Ulster strongman Stephen Ferris last night threw down a Rugby World Cup gauntlet to Saturday’s quarter-final opponents Wales by insisting Ireland's back row is capable of mixing it with anyone.
He warned: “The way we're playing at the moment we fear no-one. All the focus is on doing a job on these boys.”
Improving Wales are no pushovers but Ferris is determined to present their toughest test.
Ferris, Sean O'Brien and Jamie Heaslip have formed the tournament's most effective partnership, though Wales and New Zealand are pushing them close.
There are few more destructive ball carriers than Ferris and O'Brien, the flankers whose physicality has identified them as Ireland's outstanding players.
Number eight Heaslip has shown a remarkable appetite for work and is the only member of the squad to have played every minute of all four pool matches.
“We fancy ourselves against any back row at the World Cup. Given the way we're playing we'd rate ourselves against anyone,” said Ferris as the Ireland squad landed in Wellington to prepare for their date with destiny and a possible first semi-final appearance.
Ferris added: “It's great being a part of this unit. Sean has been fantastic. The Italy game was only the second time I've started with him. Every time he carries the ball you're looking to run off his shoulder because you know he'll break the first tackle.
“Against Italy he showed the world what he's made of. Sean thinks the same of me and we both think the same of Jamie. We seem to be clicking very well and sharing the workload. The balance is good and it's worked well so far.
“Coming into the World Cup we talked about taking it game by game and that's what we've done.
“We need to approach Wales with the same attitude — the only thing that matters is beating them.”
Ferris continued: “Wales are playing some good stuff at the moment. We watched them before we played Italy.
“They looked very silky and it will be another massive contest for us. But the way we're playing at the moment we can beat anyone.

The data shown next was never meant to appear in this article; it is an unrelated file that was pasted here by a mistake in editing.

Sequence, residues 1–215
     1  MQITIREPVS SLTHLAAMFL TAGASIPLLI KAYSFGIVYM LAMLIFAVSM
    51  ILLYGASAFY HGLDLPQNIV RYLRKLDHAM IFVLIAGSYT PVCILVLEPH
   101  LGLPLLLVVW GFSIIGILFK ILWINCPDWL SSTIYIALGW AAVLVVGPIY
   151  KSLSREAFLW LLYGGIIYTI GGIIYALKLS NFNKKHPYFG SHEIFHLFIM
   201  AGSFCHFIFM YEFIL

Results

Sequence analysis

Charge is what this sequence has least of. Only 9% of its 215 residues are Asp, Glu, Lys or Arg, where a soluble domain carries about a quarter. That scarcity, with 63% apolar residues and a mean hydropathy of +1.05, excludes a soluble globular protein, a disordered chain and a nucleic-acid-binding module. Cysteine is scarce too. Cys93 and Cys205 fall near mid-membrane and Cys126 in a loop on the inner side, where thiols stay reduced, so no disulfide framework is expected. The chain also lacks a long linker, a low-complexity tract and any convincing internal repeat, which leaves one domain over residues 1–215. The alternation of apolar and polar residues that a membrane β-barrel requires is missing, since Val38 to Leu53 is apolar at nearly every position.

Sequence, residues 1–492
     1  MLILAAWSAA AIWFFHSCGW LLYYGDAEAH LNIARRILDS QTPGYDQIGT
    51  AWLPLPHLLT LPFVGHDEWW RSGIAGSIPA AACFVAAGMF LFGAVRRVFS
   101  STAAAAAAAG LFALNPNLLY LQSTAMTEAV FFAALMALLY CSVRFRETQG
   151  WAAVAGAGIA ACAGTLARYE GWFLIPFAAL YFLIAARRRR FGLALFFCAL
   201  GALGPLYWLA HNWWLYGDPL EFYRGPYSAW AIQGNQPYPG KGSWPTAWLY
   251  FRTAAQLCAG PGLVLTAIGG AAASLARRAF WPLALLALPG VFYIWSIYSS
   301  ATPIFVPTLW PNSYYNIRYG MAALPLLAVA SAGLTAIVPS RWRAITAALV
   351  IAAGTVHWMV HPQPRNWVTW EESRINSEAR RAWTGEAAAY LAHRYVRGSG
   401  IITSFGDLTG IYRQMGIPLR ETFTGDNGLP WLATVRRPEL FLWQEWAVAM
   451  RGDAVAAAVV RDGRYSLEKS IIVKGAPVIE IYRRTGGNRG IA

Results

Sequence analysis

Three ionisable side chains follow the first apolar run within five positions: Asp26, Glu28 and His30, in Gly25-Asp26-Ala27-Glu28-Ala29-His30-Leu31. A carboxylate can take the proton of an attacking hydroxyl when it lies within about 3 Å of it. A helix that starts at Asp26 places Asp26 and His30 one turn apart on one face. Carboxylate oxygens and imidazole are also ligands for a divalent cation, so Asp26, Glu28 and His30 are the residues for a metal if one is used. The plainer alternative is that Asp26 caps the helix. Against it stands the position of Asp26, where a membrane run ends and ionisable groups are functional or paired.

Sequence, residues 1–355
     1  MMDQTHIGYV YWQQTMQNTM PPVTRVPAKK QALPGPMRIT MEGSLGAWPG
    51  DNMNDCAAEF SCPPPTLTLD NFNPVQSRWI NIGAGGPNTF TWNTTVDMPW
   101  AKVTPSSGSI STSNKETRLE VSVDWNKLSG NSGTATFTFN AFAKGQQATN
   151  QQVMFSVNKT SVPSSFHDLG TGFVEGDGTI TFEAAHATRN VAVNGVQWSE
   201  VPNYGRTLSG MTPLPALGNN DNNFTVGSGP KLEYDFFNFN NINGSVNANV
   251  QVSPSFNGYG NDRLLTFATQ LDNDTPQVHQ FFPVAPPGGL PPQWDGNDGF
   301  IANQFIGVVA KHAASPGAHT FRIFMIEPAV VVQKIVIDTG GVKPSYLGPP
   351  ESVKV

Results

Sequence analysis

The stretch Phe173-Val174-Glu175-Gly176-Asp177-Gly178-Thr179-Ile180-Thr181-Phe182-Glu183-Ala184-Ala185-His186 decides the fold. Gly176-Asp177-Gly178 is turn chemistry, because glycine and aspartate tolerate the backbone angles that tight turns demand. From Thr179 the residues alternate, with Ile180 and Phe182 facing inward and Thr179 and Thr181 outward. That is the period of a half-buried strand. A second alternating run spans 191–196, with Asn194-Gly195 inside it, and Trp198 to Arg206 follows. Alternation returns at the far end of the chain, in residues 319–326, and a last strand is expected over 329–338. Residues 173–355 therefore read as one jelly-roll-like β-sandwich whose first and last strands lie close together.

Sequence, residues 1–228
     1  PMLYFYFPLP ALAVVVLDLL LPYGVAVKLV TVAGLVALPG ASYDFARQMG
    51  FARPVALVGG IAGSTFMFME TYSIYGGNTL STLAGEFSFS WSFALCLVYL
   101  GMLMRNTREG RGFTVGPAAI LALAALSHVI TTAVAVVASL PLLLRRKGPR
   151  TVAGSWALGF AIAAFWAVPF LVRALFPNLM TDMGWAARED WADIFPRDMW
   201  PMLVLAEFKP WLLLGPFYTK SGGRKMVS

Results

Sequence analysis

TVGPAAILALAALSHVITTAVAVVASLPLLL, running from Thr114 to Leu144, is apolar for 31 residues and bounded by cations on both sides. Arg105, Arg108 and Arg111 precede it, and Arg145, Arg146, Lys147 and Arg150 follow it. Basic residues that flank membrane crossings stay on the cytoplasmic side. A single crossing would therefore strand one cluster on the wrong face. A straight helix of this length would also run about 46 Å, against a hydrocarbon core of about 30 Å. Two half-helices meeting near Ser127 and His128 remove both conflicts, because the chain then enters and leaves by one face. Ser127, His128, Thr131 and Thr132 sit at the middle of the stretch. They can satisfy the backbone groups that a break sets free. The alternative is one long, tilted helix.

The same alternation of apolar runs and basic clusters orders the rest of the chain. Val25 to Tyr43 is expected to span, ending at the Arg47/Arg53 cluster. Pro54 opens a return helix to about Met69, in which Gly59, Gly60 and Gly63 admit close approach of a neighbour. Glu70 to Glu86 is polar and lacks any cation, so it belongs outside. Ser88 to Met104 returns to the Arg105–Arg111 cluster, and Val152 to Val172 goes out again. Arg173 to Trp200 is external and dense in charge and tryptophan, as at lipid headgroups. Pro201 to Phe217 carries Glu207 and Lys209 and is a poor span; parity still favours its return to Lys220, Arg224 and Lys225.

“Over the last couple of years we've been capable of raising our game — just look at the 2009 Grand Slam, beating England in March and then Australia here.
“Every week it's getting bigger and bigger. The prize for beating Wales is massive as it will mean we're here to the end of the tournament.
“All the focus will be on doing a job on these boys.”
Ireland lost all four warm-up internationals yet have so far proved one of the success stories of the World Cup, prompting Ferris to draw similarities with England four years ago.
“Australia was a game we knew we could win if we played to our potential, but there's more in the tank,” said the Lions flanker.
“We feel as though we're progressing game by game. Against Italy we showed we can be clinical and our decision making throughout was exceptional.
“The way we're playing, we have to be ambitious. England four years ago didn't have a good record coming into the competition but reached the final. Hopefully we can go one step further.”
The participation of Ferris’s Ulster team-mate Rory Best against Wales on Saturday remained in serious doubt last night.
Ulster hooker Best sprained the AC join in his right shoulder during Sunday's decisive 36-6 victory over Italy at Otago Stadium and is receiving treatment.
A replacement for the 29-year-old Co Armagh ace, who has been playing the best rugby of his Ireland career, has yet to be summoned and a clearer picture over his condition will emerge today.
“Rory's doubtful for the weekend but we haven't written him off just yet,” said manager Paul McNaughton. Ireland have already lost one hooker during the World Cup after Jerry Flannery returned home two and a half weeks ago with a calf problem.
“Rory has been playing fantastic rugby and it would be a blow if he's not available,” added McNaughton. “But we have two hookers out here and back up in Ireland if we need it. Other teams have had injury problems and we must get on with it.”
McNaughton revealed prop Cian Healy has been interviewed about an attempted eye gouge by Italy hooker Leonardo Ghiraldini during Sunday’s first half.
South Africa's Craig Joubert will take charge of Saturday's Ireland v Wales showdown.
England's quarter-final against France will be refereed by Steve Walsh.
The following day, Welsh official Nigel Owens will be the man in the middle for the All Blacks' clash with Argentina at Auckland's Eden Park.
New Zealand official Bryce Lawrence will whistle South Africa's highly-anticipated appointment with Australia.
A very good friend of mine (who happens to be a sporting fanatic) and, like most fair minded Irish folk, ecumenical in his range and scale of interest, suggested to me recently that for all the promising signs emanating from down under New Zealand 2011 hadn’t really taken off.